People consider it cool to smoke around friends

The use of e-cigarette is on the rise in the US, especially among teens. A new survey shows that about 24% of high school student vape and around 11% use it daily. The research tells that around half of those teens want to quit, but the cessation programs are not accessible to all, as well as not proven effective. The research was published a few months ago in JAMA Pediatrics.

Teens who use e-cigarettes are at great risk of developing nicotine addiction and can move to other vaping devices and nicotine products. Every year, the numbers of high school students opting for electronic cigarettes are increasing and if the numbers continue to grow in the same fashion, this could become a big problem. CDC released a similar report, which shows that the use of e-cig among middle school students increased by 47% and 77% in the high school students, during the same period.

Many adults and Adolescents use vaping to release stress or they are addicted physically and mentally, so it is quite difficult for them to quit vaping. They have to face a number of hurdles and begin unable to access the cessation programs is one of those hurdles. You can’t expect young children to give up an addiction on their own, without experts’ help.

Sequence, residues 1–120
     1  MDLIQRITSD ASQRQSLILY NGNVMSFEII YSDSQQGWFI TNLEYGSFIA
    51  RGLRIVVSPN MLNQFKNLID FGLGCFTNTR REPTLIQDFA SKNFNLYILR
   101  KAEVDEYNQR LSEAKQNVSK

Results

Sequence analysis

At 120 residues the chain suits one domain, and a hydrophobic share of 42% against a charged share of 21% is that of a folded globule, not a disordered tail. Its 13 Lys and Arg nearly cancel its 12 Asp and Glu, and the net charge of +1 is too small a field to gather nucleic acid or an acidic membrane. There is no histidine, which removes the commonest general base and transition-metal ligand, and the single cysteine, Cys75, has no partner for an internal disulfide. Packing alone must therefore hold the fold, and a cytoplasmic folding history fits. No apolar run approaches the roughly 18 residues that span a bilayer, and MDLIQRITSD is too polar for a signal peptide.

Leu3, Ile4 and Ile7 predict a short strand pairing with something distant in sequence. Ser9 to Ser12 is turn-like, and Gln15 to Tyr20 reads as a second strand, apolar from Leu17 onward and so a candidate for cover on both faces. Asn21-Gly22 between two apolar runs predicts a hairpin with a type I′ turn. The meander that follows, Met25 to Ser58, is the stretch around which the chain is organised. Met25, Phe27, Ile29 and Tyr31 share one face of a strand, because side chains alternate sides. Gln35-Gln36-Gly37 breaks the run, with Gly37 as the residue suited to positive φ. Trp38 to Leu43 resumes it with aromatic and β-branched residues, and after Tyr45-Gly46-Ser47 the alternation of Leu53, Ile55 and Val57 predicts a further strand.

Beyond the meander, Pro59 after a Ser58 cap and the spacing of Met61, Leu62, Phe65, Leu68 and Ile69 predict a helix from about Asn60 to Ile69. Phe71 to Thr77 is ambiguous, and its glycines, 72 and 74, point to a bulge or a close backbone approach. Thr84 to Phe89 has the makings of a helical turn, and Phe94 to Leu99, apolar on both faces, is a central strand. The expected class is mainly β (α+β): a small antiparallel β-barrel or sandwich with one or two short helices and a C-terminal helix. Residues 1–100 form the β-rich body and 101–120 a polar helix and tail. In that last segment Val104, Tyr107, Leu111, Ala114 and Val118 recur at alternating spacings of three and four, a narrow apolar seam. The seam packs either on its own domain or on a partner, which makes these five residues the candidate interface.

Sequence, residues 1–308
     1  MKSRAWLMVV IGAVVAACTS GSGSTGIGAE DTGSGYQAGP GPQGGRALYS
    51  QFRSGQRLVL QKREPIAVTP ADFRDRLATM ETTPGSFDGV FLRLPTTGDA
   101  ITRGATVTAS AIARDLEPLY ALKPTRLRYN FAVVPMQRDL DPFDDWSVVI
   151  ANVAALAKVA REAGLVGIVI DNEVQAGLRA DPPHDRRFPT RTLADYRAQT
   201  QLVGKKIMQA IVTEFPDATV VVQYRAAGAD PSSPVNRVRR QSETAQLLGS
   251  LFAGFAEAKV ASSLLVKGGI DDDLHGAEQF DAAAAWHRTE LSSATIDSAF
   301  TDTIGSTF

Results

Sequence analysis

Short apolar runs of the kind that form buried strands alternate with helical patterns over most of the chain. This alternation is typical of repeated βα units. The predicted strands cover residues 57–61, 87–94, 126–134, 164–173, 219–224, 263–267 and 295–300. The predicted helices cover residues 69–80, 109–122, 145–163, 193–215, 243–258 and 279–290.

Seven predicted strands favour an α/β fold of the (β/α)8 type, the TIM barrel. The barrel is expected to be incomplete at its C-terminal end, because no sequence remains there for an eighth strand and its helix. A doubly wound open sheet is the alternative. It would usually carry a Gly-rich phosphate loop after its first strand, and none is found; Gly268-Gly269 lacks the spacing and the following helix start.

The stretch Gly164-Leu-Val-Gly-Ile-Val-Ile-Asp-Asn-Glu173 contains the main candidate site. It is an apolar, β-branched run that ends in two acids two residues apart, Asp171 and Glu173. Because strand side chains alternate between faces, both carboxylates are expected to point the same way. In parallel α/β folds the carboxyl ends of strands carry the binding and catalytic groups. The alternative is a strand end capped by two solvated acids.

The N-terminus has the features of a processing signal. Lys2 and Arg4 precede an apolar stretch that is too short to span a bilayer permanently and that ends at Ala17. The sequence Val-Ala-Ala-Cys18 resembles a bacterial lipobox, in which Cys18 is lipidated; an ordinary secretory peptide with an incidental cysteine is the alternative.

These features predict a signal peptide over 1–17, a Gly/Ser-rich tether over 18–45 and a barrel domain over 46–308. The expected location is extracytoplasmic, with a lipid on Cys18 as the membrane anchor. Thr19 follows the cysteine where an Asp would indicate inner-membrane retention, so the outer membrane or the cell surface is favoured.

According to Osita Onugha, MD, thoracic surgeon, one main hurdle for the teens who want to quit vaping is peer pressure. Vaping is now somewhat of a social addiction, people consider it cool to smoke around friends and being seen as a rebel. They develop a social status with their peers and they find it difficult to give it up.

But, this phenomenon of being influenced by a peer group is not new; peer pressure and smoking are related for decades. The risk for teens to begin smoking is very high if they have friends who smoke, according to a 2017 meta-analysis. In the analysis, data were included from 16 countries, showing that it is a global issue.

Many teens get a misconception that vaping is not as harmful as cigarettes or it does not contain nicotine, however, it is not true. It is marketed in a way that makes teens believe that is not harmful.